Even North America’s largest urban innovation hub, the MaRS Discovery District, runs as a social enterprise with an integrated social innovation stream. As MaRS CEO Ilse Treurnicht noted in a recent speech at University of Toronto: “In reality, innovation is too often narrowcast. It is not about shiny gadgets and cool self-driving cars, it touches every aspect of our lives and every person in our society. We are all innovators. It is also, humanity’s toolbox — humanity’s only toolbox — for tackling wicked challenges.”

With the OECD reporting that Canada’s social spend exceeded $300 billion in 2015, there is a direct economic case for social innovations that tackle root causes of social problems and hit on economic savings aligned to social or environmental well-being or redirect capital flows to create much higher SROI.

Social innovation is a Canadian strength

Read the Economist Intelligence Report on Social Innovation.

The Economist Intelligence Unit identified Canada in 2016 as the third best country in the world for social innovation. The temptation may be to interpret this ranking as evidence that all is well and stay the course. But in fact, it is intentional cross-sector partnership, community innovation and signalling from the public sector that fuelled this success — and will be critical to scaling it.

While we may be third in the world overall, the world itself is in the early adopter phase of systemically integrating social innovation as a powerful innovation pathway for dealing with the complexity of 21st Century challenges and needs. Canada’s unique opportunity and competitive advantage is to take up the mantle of leadership and advance our social innovation strengths as a cornerstone of Canada’s Innovation Agenda.

Embed social impact in innovation policy

Many of the ingredients to winning the innovation race are in our own homegrown appreciation that innovation is driven by, and can directly lead, to greater social inclusion. Yet we are looking to other jurisdictions as bad role models.

The Munk School has a great newsletter on Innovation Policy in Ontario, register here. Image from the University of Toronto

As Munk Centre for Global Affairs professors Daniel Breznitz and Amos Zehavi note, successful innovation policy in Israel led the country to leap from one of the lowest levels of R&D intensity among developed countries in 1970s to a world leader in R&D intensity. Yet, “in parallel to this success, Israel changed from being the second-most-egalitarian Western society to the second most unequal.” In response, Breznitz and Zehavi call for innovation policies to intentionally address social impact as well as economic growth and competitiveness. This is the opportunity facing Canada now as we design our innovation agenda.

Seize the moment

Integrated innovation is the leading edge of a market disruption that is creating more than economic value. Inclusive innovation is necessary for communities to thrive in the 21st century.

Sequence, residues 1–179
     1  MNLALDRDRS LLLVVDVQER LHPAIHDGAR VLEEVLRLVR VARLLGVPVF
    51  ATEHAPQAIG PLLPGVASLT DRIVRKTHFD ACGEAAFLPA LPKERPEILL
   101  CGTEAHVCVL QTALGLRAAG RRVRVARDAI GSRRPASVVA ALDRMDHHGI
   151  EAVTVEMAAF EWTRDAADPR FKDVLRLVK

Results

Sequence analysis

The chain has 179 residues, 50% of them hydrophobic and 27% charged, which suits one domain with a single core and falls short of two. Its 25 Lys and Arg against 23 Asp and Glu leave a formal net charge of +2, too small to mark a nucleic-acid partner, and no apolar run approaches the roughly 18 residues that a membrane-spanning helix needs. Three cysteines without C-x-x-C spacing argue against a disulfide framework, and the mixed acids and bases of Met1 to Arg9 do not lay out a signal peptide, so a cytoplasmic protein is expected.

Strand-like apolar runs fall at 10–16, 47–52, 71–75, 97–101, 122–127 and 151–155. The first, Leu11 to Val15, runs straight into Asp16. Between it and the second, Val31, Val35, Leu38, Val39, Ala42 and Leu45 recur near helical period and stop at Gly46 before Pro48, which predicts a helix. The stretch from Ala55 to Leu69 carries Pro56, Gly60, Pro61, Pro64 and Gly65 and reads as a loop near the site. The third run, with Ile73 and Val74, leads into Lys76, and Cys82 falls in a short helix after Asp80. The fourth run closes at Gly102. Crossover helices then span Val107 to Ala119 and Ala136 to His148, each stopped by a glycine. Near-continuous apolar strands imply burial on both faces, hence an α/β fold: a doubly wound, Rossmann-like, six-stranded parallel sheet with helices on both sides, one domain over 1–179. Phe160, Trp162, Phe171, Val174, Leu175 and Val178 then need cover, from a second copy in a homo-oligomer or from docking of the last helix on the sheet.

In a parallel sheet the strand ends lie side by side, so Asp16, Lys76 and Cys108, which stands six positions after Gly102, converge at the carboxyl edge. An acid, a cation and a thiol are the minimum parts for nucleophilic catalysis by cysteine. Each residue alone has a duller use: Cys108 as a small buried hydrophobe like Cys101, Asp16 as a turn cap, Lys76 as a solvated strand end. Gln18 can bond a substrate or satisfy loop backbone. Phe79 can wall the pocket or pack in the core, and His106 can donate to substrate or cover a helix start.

Canada and Canadians will succeed when we clearly align our innovation policies with the range of economic, social, cultural and environmental challenges we face and embrace all expressions of innovation leading on that challenge. We can take advantage of Canadians’ cultural affinities for collaborative working arrangements to bring very diverse innovators together to amplify their impact.

2017 is the moment to seize the assets and capabilities of all sectors, including Canada’s 160,000-strong charity and non-profit sector, as well as the power of passionate amateurs, to ensure innovation is a projet de société.

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Why experiment, anyway?

A Year of Exploration

From Wikimedia Commons

December has been a month of reflection for many years – not because it’s close to year-end but because I moved to Canada as a preteen in December. I remember the start of my journey in this beautiful country. My earliest memories of Canada are snow, the holidays, and some of the more unique things we have put in place to care for one another as a society. Things like the Canada Pension Plan (CPP), Registered Education Savings Plan (RESP), and a high-functioning public education system were foreign to me. My mother took English as a Second Language from an immigrant services organization that was supported by the local community foundation. The idea of a community foundation was foreign to me.

St. Elizabeth

Today, community and social assets, such as the ones I learned about when I first arrived, are all around us – many invisible. You could say they are in the air we breathe. Yet, once upon a time, they were novel. They were innovations. Some folks somewhere, decided to craft hypotheses, do research, run experiments, test assumptions, take risks, and scale what worked. No asset is designed to operate at its optimal forever, and in a fast-changing world, we often forget how fragile our community and social assets can be. How might they be ready for and evolve in a way that attends to tomorrow’s needs? How might the spark of experimentation that led to the creation of these assets be rekindled, sustained and embedded within these organizations? What conditions are necessary to make continuous innovation worthwhile?

Questions such as these led us to kick-start an exploration to strengthen community and capability, and seed more capital for social impact organizations practicing research and development, or as we are calling it for now, “Social R&D.” The exploration is incubated by SiG, supported by The J.W. McConnell Family Foundation, and is championed by a growing movement of organizations including: Community Foundations of Canada, Open North, MaRS, Skills Society, Engineers Without Borders Canada, WEST Neighbourhood House, York University, and many others.